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Will Grunewald / Medill

A water taxi passes under the Wells Street Bridge.  The Chicago River is a source of transportation and increasingly of recreation.

Clean Water Act celebrates 40th anniversary amid ongoing efforts to improve Chicago River

by Will Grunewald
Oct 17, 2012


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Paddlers on the Chicago River gather around the river's "Fish Hotel."

The Clean Water Act turns 40 on Thursday, but since its Oct. 18, 1972, enactment the legislation hasn’t mellowed with age. In Cook County, regulatory agencies and environmental groups have only recently brought the legal requirements of the act to bear on efforts to limit pollution in the Chicago River.

“The Clean Water Act set an ambitious goal to change the waters of America. It says that we have the legal tools to move people forward,” said Margaret Frisbie, executive director of Friends of the Chicago River.

“We’re far from perfect but we’re so much better off than we were,” she said Tuesday.

The Clean Water Act originally prescribed that waterways be suitable for “recreation in and on the water” by 1983, 11 years after passing into law. Twenty-eight years later, in 2011, the Environmental Protection Agency demanded that the Metropolitan Water Reclamation District – Cook County’s primary sewage management agency – begin the elsewhere commonplace practice of disinfecting wastewater before dispensing it into the Chicago River.

“The Chicago River was overlooked because historically it had been very polluted and it was difficult for people to picture the river being used for recreation,” said Frisbie.

The next step in bringing Chicago waterways up to Clean Water Act standards, according to area environmental groups, is limiting overflows of untreated sewage into waterways. Chicago and surrounding communities use combined sewer systems that collect both waste- and stormwater. When even moderate rainfall pushes these overtaxed systems past their capacity and, they discharge a mixture of untreated sewage and storm water through release gates and into Chicago waterways.

Such discharge generally contains microbial pathogens, toxic pollutants and “floatables” such as tampons and medical syringes, according to the EPA.

The inability of combined sewer systems to handle stormwater has other consequences, too. The backup can cause flooding and in severe instances has re-reversed the flow of the Chicago River into Lake Michigan, carrying sewage and pollution with it.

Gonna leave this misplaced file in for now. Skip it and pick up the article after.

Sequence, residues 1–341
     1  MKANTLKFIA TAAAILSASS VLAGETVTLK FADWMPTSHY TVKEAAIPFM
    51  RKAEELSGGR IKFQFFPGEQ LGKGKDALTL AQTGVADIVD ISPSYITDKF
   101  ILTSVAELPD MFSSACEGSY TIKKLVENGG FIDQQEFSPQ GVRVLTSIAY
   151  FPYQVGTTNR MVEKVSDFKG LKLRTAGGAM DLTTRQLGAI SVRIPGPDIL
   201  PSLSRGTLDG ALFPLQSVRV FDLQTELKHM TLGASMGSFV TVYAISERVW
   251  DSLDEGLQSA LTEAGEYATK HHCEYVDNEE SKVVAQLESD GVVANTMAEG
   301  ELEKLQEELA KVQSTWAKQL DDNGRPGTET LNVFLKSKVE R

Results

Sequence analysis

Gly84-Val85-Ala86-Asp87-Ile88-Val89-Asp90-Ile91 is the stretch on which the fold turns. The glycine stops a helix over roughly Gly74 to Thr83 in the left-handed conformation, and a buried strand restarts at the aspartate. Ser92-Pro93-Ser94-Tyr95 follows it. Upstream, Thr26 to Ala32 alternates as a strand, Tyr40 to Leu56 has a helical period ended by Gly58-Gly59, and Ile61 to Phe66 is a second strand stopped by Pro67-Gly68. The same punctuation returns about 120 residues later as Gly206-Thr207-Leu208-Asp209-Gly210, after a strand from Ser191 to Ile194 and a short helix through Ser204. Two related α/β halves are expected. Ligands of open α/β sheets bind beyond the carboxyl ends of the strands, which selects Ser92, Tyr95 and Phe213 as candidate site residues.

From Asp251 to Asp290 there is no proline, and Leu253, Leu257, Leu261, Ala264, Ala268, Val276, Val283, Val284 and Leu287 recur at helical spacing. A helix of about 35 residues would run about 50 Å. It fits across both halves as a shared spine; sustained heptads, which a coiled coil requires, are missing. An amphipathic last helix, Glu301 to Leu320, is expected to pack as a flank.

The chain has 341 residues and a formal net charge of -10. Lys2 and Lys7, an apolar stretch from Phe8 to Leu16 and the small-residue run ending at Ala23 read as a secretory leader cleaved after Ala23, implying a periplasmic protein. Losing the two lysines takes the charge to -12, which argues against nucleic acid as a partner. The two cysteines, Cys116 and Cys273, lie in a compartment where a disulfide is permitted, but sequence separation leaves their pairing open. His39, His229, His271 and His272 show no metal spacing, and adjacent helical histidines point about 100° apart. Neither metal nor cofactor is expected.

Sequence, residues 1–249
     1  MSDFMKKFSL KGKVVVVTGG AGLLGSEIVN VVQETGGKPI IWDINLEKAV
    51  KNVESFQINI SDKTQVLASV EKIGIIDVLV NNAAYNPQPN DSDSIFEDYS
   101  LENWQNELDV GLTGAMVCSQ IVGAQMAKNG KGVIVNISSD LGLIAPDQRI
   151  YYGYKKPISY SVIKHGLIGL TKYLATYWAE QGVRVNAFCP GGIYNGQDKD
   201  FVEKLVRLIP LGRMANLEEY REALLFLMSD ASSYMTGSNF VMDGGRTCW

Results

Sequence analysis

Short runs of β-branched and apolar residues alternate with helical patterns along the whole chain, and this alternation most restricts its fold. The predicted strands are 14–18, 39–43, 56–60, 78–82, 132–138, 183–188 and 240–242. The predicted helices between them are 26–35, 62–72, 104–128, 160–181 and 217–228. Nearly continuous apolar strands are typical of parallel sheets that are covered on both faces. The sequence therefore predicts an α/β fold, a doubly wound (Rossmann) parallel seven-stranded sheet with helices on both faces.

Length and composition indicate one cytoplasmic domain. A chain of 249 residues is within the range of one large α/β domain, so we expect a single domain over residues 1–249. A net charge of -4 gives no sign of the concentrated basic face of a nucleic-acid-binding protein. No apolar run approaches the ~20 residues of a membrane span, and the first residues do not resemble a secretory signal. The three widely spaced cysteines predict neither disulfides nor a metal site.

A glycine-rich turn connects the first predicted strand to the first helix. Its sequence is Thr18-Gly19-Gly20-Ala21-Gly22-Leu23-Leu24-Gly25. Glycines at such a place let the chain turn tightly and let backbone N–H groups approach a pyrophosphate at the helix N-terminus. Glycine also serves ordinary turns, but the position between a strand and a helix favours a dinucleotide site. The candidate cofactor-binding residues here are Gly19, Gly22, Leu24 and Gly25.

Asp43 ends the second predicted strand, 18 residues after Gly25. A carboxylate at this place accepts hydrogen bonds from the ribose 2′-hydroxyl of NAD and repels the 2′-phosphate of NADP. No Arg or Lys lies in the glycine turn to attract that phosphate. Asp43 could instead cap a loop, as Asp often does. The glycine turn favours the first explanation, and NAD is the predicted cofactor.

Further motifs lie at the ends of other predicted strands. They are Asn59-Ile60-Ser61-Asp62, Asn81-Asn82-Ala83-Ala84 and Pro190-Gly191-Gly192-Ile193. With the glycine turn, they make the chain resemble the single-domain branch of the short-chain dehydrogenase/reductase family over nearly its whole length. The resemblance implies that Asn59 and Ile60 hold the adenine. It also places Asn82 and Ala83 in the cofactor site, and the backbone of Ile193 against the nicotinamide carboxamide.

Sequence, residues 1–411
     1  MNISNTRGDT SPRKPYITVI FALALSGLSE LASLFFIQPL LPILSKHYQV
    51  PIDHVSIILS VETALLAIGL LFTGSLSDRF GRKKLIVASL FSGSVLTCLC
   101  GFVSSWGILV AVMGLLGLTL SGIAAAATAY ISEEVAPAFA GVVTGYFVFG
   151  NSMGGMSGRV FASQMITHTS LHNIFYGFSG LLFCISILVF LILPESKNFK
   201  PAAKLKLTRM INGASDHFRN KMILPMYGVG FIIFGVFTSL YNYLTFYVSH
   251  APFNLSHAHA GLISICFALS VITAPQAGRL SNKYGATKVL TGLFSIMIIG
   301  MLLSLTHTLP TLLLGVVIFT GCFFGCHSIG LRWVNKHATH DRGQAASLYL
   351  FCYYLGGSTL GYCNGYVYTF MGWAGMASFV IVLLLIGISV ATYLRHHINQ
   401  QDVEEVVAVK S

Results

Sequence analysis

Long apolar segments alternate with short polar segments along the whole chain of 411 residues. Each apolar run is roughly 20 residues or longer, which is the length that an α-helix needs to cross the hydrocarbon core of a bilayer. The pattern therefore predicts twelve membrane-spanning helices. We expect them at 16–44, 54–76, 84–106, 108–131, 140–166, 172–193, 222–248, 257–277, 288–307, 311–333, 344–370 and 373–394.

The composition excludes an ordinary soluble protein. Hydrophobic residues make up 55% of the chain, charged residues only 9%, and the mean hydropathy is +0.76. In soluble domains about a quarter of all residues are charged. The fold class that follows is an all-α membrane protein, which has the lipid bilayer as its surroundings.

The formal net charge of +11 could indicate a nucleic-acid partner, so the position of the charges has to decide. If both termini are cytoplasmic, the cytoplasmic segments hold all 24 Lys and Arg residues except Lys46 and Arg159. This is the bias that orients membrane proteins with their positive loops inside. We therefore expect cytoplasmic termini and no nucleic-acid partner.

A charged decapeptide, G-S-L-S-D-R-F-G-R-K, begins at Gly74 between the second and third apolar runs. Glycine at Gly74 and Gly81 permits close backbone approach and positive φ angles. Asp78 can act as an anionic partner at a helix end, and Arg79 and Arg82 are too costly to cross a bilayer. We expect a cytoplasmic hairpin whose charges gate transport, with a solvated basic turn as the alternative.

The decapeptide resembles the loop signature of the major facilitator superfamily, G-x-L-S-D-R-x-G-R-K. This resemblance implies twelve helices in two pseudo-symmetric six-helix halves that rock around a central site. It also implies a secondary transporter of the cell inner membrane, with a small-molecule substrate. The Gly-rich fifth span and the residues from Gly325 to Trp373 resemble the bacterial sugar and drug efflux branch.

In 1982, the same year the Clean Water Act went into effect, the Water Reclamation District had already initiated plans for an underground tunnel and reservoir system – the Deep Tunnel project – that would drastically increase the system’s capacity to handle waste- and stormwater during heavy rain. Though the reservoirs are not yet completed, the tunnels are, and they have already had a positive impact.

“The water quality right now is dramatically better than it was when the river used to receive raw sewage on a regular basis,” Frisbie said.

Still, Friends of the Chicago River and other environmental groups are demanding a greater degree of compliance with Clean Water Act standards. Last year the EPA negotiated an agreement with the Water Reclamation District to define a long-term plan for limiting overflows from the collective sewer system. Friends of the Chicago River, the Natural Resources Defense Council and other environmental groups objected to the specifics of the plan in a 67-page public comment submitted to the U.S. Department of Justice.

The public comment criticized the lack of an enforceable project deadline (currently set for 2029), the absence of a monitoring plan, and a “half-baked and poorly thought-out” implementation of green technologies to capture rainfall before it reaches the sewer system – elements central to comparable agreements based on Clean Water Act regulations in other U.S. cities.

Environmental groups also take issue with how the Reclamation District reached its agreement with the EPA.

“The public was never invited into this process,” said Ann Alexander, lead attorney for NRDC. The Clean Water Act requires input from affected residents in the formulation of a long-term plan for overflow management. Instead, environmental groups say the agreement simply reflects a “wholesale adoption” of the Reclamation District’s pre-existing plans and schedule.

Water quality is headed in a positive direction, even if not as quickly as hoped by environmental advocates. According to the Water Reclamation District website, the McCook Reservoir slotted for completion in 2017 will have a 10-billion-gallon capacity. The smaller, 350-million-gallon Majewski Reservoir near O’Hare Airport has provided flood relief estimated to have saved $250 million in flood damage since completion in 1998.

“Our goal is that the river is fishable and swimmable,” Frisbie said. “That’s not far-fetched. It’s going to happen.”

Even 40 years after its inception, the Clean Water Act plays a central role in shaping debate over the ecological future of the Chicago River, Alexander said.

“It remains a very strong, effective, well thought-out tool for protecting our waterways, despite lapses in implementation.”